Previous Challenge Entry (Level 4 – Masters)
Topic: RELAX (06/08/17)
- TITLE: Relinquishment
By Ann Grover
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But it has always been like this, hasn’t it? Always someone poking about, misunderstanding her. What was it her mother would say, sitting on the patio with her friends? Oh, she’s so high-strung, that girl. Too big for her britches. Fussy as all get-out. I don’t know where she gets it from. With their dangly earrings swinging, the women laugh and sip from their lipstick-rimmed coffee cups.
She doesn’t know either. She doesn’t know why she is compelled to rearrange her bookshelf and bureau drawers and toys incessantly, checking her closet twenty times a day to make sure her dresses are still arranged precisely, by purpose, by colour. It comforts her with profound though momentary calm.
Her first grade report card says she must settle down and enjoy school. But the excitement of discovery and the promise of methodicalness has infused her with eagerness.
Mistrustful of swings and teeter-totters, her belly clenches and cramps as she watches the others shriek gleefully as they rise and fall. She imagines the impact of her body on the earth, if she were to plummet to the ground. The pain. And worse, the crying. The shame, the touching hands.
She finds refuge in the library, a place to be still, unnoticed. She relishes the soft swishing of pages, the clean and bright scent of glue for mending bindings and torn pages, and she savours the gentle order, the conciseness of classification. A prescribed place for geography. History. Biology and religion and art. There is no category, no number, for the unnamed thing within her.
Older, she keeps to herself. Oh, she has a few friends. Like her. Studious. Diffident. Serious. Why the long face? people ask. You’re going to trip over that lip someday. She pretends to smile. Tries to be like the others who move so effortlessly, speak smoothly and easily, tossing their hair over their shoulders coquettishly. But it’s a fleeting and brittle façade for her.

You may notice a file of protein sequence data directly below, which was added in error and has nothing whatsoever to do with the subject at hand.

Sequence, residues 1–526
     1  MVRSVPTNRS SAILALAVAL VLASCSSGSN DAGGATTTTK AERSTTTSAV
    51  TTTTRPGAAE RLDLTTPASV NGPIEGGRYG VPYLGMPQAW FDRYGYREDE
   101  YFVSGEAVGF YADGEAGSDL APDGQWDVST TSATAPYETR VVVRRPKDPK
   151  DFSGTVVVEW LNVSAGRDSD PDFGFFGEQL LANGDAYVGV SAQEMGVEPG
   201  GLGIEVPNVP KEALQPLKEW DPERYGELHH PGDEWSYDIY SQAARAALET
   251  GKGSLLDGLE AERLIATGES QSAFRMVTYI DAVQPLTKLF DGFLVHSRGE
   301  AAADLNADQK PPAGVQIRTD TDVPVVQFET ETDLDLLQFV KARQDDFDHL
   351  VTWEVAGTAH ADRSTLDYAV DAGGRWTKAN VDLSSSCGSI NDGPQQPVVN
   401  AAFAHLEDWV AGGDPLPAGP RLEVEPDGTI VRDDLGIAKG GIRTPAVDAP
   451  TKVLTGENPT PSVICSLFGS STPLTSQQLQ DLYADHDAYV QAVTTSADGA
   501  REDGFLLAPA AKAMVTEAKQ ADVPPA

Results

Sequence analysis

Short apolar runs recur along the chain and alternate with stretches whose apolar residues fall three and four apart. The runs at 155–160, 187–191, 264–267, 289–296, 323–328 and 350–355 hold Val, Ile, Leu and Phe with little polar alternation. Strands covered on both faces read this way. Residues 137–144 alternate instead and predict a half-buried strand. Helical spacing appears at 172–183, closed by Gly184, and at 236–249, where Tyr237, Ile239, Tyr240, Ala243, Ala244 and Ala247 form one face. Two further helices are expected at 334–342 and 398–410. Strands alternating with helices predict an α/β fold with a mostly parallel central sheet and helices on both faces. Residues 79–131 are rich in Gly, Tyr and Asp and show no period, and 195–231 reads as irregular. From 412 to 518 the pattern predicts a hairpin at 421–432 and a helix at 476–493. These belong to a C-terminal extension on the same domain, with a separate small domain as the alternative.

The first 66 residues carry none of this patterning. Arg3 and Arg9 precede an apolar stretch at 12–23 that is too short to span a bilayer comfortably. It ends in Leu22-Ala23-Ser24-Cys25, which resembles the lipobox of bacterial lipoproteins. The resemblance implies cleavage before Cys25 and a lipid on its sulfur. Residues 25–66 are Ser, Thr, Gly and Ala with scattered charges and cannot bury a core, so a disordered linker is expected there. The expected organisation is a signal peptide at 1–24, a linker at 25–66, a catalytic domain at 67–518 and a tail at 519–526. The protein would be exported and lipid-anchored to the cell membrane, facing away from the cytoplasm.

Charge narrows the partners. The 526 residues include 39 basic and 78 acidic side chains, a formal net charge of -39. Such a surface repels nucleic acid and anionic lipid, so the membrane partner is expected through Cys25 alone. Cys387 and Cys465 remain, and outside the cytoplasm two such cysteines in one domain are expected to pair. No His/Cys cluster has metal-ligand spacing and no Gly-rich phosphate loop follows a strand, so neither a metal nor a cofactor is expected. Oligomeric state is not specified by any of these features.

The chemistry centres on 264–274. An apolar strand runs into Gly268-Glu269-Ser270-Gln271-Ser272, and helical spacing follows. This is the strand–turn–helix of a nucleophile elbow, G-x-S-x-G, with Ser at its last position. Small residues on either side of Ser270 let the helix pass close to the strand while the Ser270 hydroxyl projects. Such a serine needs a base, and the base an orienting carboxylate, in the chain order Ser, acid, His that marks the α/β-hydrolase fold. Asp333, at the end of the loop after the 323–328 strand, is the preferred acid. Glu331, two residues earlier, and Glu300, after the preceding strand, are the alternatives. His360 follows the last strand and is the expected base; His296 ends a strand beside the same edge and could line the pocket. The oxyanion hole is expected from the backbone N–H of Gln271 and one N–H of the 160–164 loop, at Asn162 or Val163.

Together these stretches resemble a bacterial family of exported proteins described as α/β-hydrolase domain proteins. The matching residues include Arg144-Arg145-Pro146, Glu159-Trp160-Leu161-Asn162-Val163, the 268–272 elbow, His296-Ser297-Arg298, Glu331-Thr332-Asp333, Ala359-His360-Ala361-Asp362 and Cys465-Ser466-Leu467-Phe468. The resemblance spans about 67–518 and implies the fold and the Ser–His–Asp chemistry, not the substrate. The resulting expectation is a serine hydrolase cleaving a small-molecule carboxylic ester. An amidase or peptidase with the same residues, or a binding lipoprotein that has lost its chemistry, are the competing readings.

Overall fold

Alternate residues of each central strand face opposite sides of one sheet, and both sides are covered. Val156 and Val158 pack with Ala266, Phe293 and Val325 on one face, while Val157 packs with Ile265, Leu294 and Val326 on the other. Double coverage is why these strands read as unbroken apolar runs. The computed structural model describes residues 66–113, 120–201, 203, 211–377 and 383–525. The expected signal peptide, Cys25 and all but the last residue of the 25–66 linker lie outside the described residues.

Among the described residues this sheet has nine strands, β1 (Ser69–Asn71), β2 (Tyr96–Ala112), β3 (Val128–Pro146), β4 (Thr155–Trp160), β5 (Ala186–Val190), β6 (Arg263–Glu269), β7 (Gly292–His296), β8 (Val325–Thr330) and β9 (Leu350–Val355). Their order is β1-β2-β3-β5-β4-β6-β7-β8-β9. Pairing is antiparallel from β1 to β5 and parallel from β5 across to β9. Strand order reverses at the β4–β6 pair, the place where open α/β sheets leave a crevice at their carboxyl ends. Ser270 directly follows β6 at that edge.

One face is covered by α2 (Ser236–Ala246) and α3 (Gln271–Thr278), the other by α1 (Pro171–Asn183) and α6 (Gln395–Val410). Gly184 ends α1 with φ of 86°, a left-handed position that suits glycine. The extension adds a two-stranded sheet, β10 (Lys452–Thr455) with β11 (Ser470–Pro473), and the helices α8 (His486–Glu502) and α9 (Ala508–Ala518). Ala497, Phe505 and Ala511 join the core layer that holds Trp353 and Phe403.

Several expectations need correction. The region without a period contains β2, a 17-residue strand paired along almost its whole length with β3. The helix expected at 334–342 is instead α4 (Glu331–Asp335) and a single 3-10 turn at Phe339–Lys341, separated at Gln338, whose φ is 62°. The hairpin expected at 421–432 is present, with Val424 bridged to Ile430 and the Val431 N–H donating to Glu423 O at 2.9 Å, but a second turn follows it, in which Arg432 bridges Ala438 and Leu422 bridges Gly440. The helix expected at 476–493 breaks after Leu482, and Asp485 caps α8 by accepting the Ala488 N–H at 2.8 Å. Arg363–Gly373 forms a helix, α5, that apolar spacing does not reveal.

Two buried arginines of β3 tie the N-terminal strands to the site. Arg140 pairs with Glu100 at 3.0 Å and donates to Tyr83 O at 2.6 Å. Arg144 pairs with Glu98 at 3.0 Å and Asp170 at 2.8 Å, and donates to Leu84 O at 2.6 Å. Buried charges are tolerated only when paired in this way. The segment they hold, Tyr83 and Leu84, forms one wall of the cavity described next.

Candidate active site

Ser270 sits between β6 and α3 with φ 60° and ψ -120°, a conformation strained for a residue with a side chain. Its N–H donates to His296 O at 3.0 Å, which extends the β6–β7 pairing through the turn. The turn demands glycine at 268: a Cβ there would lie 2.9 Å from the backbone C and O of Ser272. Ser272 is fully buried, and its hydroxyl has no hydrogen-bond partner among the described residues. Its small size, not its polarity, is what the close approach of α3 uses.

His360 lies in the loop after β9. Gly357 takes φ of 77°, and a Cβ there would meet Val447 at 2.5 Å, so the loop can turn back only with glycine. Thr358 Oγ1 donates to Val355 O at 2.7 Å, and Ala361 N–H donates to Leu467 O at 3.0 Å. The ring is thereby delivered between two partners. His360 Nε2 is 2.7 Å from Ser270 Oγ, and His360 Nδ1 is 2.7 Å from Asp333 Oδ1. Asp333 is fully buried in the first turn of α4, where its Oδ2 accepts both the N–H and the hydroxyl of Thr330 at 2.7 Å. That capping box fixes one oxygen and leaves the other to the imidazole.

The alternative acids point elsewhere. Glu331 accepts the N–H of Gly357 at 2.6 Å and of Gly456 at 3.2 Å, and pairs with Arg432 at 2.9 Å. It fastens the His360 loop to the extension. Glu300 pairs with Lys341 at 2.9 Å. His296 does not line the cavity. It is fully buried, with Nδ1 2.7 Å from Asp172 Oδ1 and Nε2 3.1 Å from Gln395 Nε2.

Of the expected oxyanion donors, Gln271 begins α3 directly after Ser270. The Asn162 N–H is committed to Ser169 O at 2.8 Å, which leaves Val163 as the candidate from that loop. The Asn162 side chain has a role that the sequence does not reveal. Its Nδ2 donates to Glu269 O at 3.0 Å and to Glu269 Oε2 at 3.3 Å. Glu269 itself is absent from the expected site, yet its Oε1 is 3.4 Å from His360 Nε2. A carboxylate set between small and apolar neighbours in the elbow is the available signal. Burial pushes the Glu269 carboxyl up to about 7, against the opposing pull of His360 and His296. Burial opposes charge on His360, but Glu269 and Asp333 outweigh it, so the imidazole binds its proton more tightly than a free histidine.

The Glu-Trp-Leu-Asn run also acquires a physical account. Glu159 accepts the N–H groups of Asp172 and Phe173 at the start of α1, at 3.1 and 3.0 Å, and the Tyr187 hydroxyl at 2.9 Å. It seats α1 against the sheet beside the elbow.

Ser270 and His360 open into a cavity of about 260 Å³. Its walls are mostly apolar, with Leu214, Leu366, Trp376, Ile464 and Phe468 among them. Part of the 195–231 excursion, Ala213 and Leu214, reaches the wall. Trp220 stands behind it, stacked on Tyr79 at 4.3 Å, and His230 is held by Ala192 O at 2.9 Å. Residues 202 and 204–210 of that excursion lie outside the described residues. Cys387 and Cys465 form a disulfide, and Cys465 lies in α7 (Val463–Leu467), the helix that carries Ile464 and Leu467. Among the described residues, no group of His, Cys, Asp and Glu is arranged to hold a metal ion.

For comfort, she reorders her bookshelf -- by topic this time -- and remakes her bed; the sheets measure exactly twelve inches down each side. She makes lists of school assignments, library books on hold. Books she’s read. In her head, she recites the names of her cousins. The students in her class. The birth dates of her siblings.
It almost, not quite, but almost, banishes the memory of heated breath on her cheek. The bitter odour of sweat. A raspy whisper commanding her to calm down. Be quiet. Be still. Just relax.
But she can’t. Not then. Not ever.
Oh, outwardly she seems composed and ever so meticulous, but inside, she is a maelstrom, a tumult, never allowing herself to rest. What had her mother said? That she’s high-strung. Like a kite flying high, maybe? But doesn’t the taut thread that enables a kite to fly keep it from crashing to the earth? What if she were no longer tethered by the straining string, not bound by the certainties, the boundaries, she has constructed as a refuge?
She marries, has babies, wincing and cringing through the ordeals demanded by each. The marriage is short and intense, as if love could not cure her, but she becomes a good mother, an excellent mother, even. Her children are astonishingly boisterous and disorderly, and remarkably, she indulges their impulsiveness, their rambunctiousness, even allowing herself to be spontaneous on occasion. The turmoil abates as she immerses herself in the relentless busyness of motherhood.
A nurse comes in, checks her, and reassures her that all is good. Not by a long shot, she thinks, but that’s fine. She’s never been judged fairly or rightly by anyone. Why expect anything different now?
She thinks of her children, grown and far away. Their lives are cluttered and exuberant, passionate. She envisions their faces, recites their names, but not in her customary way of soothing herself, but rather as a litany of gratefulness, exultation.
Yes, she thinks, I did that one thing well. I can let go. I am not afraid anymore.
The kite! Release the string, release it! The string flutters away, undulating, an effortless, lazy pirouette.
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